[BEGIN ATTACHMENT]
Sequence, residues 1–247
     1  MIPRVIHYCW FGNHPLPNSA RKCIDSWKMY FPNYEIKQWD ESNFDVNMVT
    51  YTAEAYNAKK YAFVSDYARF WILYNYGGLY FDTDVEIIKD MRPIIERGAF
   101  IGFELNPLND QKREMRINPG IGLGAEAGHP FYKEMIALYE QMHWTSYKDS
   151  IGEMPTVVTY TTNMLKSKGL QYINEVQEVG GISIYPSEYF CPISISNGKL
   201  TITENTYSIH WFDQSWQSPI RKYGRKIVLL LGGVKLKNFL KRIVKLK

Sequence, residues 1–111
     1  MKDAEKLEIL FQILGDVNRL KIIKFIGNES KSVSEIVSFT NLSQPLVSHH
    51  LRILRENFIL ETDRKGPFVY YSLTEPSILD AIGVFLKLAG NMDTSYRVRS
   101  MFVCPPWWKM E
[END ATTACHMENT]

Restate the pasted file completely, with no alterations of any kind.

Sequence, residues 1–247
     1  MIPRVIHYCW FGNHPLPNSA RKCIDSWKMY FPNYEIKQWD ESNFDVNMVT
    51  YTAEAYNAKK YAFVSDYARF WILYNYGGLY FDTDVEIIKD MRPIIERGAF
   101  IGFELNPLND QKREMRINPG IGLGAEAGHP FYKEMIALYE QMHWTSYKDS
   151  IGEMPTVVTY TTNMLKSKGL QYINEVQEVG GISIYPSEYF CPISISNGKL
   201  TITENTYSIH WFDQSWQSPI RKYGRKIVLL LGGVKLKNFL KRIVKLK

Sequence, residues 1–111
     1  MKDAEKLEIL FQILGDVNRL KIIKFIGNES KSVSEIVSFT NLSQPLVSHH
    51  LRILRENFIL ETDRKGPFVY YSLTEPSILD AIGVFLKLAG NMDTSYRVRS
   101  MFVCPPWWKM E